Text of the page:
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May 12, 2023
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Cessation of libor ? Let's understand in detail!

LIBOR or the London Interbank Offered Rate, has long served as a global benchmark interest rate, shaping various financial instruments and transactions including loans, bonds, and derivatives. Each day, LIBOR was determined by collecting input from up to 18 major global banks, reflecting their interest rate estimates for various loan maturities. This rate-setting process was influenced by their perceptions of local economic conditions. LIBOR operated across five key currencies: UK Pound Sterling, Swiss Franc, Euro, Japanese Yen, and the U.S. Dollar.

However, in recent years, LIBOR faced increasing scrutiny due to concerns surrounding potential manipulation and a lack of transparency in its determination process. These issues, coupled with its involvement in multiple scandals and a prominent role in the 2008 financial crisis, led to a need for change.

Today, the Reserve Bank of India (RBI) has issued guidance to banks and financial institutions, advising them to discontinue reliance on the US dollar LIBOR and the Mumbai Interbank Forward Outright Rate (MIFOR) in any new transactions starting from July '23.

Furthermore, Financial Benchmarks India Pvt. Ltd. (FBIL) will cease publishing MIFOR after June 30, '23. Banks and financial institutions are urged to take proactive measures, including inserting fallback mechanisms, into any remaining legacy financial contracts that reference the US dollar LIBOR.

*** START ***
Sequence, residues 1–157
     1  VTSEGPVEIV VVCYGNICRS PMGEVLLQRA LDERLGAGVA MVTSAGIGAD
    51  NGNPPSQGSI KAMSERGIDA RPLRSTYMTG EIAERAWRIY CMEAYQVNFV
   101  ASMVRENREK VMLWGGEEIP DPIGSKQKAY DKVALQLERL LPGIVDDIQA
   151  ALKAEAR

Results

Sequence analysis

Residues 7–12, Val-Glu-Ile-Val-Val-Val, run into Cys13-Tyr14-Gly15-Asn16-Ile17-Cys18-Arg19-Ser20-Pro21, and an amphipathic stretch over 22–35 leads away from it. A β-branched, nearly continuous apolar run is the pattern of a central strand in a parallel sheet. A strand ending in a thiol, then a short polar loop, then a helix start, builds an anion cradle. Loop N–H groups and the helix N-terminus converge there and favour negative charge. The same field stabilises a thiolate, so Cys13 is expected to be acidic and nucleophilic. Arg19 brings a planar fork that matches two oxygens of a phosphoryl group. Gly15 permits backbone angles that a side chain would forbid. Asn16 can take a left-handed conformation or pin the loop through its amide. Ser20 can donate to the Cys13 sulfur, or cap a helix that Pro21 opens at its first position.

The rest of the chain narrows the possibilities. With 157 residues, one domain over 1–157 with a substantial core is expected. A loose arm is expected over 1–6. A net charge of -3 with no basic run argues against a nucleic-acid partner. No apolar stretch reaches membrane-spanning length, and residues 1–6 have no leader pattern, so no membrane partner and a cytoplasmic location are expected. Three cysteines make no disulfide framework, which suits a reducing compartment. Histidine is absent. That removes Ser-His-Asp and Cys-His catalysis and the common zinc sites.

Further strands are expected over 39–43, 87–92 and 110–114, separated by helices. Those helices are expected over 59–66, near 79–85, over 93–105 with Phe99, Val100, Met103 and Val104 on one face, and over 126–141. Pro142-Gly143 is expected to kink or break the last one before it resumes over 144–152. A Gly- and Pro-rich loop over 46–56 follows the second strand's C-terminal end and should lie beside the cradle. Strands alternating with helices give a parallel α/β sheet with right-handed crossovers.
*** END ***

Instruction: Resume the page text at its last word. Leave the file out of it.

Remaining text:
As a replacement for LIBOR in the United States, the Secured Overnight Financing Rate (SOFR) has emerged as a significant benchmark. SOFR is used by financial institutions to price loans for both businesses and consumers. It is published by the New York Federal Reserve Bank each morning, reflecting the SOFR rate calculated from the previous business day's repo transactions.

In response to the cessation of LIBOR and the shift towards alternative reference rates, major Indian lenders like the State Bank of India and Union Bank of India have already adopted currency-specific Alternate Reference Rates (ARR). These include the use of the Secured Overnight Financing Rate (SOFR) for USD loans and the Sterling Overnight Interbank Average (SONIA) for GBP loans, among others